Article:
A New Century of War

On view October 18 through November 25, 2017

In August 1914, the world entered the 20th Century. It was the final summer of the “Belle Epoch,” and few could imagine the changes wrought by the assassination of a little-known Austro-Hungarian archduke and the four years of unfathomable slaughter that would follow. The United States entered the war in April 1917. At the time called “the war to end all wars,” in reality, World War I did nothing so much as provide a template for killing on an industrial scale, mindless nationalism, and suppression of dissent. With this, “the Great War” set a tone that outlasted the 20th Century and continues today.

The ramifications of the First World War are endless and varied, be they political or military, social or economic, entertainment, technology, population, environment, or family. This exhibition imparts new and surprising reflections on the world we have been given, the world we have seen flying by, and the world we are creating now—all of which are heavily influenced by the results of World War I.

Opening Reception:  Saturday, November 4th from 2:00-5:00pm

3:00-3:30pm ARTIST TALK

Join us for the opening reception to hear a brief talk on the Century that began in August 1914 with the outbreak of World War I and the exhibit that asks, "Will that Century ever end?" Artist, co-curator Walt Nygard, poet/journalist Jan Barry, writer Sarah Mess, and others confront the legacy of war--both past and present.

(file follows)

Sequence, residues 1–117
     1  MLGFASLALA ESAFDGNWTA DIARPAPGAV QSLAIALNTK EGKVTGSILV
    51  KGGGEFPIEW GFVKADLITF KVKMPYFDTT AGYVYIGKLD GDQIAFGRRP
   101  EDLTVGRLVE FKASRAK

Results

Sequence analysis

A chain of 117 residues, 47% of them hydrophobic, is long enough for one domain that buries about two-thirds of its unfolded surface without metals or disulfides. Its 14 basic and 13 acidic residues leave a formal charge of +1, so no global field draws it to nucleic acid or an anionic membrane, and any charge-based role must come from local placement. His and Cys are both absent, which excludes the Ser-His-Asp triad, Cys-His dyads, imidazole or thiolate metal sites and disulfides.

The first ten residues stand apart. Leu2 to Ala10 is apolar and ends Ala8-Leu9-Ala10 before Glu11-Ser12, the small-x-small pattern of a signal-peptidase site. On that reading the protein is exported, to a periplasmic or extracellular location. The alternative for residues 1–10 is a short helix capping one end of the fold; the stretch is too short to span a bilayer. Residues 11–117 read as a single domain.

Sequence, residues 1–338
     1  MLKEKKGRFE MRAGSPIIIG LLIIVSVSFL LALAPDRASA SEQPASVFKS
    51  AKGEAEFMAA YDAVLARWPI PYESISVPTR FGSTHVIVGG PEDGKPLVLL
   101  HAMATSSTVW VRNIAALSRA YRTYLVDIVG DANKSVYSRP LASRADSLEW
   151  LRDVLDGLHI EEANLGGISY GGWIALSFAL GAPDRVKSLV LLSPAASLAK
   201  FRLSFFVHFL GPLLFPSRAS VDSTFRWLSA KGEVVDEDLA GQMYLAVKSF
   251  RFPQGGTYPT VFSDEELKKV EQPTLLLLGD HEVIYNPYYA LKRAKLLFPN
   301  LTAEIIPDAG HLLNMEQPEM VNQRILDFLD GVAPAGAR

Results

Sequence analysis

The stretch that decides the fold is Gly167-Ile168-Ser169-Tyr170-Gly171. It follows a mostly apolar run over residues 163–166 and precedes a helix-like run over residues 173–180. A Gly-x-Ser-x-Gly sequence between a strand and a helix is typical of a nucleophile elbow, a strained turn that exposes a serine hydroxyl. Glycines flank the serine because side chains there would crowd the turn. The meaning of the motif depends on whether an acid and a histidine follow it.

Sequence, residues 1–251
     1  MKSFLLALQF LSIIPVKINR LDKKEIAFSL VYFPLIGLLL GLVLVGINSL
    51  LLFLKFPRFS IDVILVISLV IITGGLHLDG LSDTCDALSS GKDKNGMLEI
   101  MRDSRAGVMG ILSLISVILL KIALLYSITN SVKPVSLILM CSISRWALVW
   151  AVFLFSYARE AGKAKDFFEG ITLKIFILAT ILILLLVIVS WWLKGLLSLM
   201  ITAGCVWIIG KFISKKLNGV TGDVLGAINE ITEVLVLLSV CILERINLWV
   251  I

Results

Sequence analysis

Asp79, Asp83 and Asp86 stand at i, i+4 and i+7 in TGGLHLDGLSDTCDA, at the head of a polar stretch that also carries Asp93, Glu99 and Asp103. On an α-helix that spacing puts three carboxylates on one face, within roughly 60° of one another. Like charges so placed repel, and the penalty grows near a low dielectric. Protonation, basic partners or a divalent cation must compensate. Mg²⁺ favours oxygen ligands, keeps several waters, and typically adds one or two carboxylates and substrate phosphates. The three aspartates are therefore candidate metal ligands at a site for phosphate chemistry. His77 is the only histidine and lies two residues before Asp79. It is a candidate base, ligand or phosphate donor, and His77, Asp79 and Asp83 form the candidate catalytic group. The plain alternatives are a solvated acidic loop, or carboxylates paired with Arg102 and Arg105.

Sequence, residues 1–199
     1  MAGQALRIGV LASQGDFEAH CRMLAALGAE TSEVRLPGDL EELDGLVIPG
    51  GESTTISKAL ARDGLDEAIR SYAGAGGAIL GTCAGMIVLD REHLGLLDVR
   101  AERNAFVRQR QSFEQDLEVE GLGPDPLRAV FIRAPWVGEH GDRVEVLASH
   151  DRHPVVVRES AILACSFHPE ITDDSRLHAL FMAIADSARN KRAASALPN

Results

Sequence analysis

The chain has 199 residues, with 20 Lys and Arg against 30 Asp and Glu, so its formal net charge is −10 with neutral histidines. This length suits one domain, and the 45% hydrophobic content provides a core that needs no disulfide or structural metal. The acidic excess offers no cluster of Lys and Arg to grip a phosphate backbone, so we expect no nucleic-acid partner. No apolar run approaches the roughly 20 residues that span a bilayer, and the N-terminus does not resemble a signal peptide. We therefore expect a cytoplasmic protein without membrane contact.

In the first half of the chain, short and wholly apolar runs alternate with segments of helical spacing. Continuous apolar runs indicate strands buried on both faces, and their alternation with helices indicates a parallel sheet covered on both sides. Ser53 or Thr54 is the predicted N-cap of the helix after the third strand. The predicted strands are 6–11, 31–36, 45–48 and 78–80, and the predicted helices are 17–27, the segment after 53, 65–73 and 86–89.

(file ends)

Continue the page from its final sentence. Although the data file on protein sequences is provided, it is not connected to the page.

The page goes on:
Malcolm Lubliner, "All Quiet on the Western Front," 2009

Drawings and photographs digitally reproduced on vinyl/canvas

Nathan Lewis, "Letter From a Soldier Under General Sykes Picot," 2017 Pulp print with pen on Combat Paper

Nathan Lewis, "Letter From a Soldier Under General Sykes Picot," 2017

Pulp print with pen on Combat Paper

Eric Avery, "New World Odor," 1991 Linoleum

Eric Avery, "New World Odor," 1991

Linoleum

View the full exhibition as a pdf here: 

A NEW CENTURY OF WAR (part one)

A NEW CENTURY OF WAR (part two)

High-resolution Powerpoint of the full exhibition available for viewing in our accessible main studio level.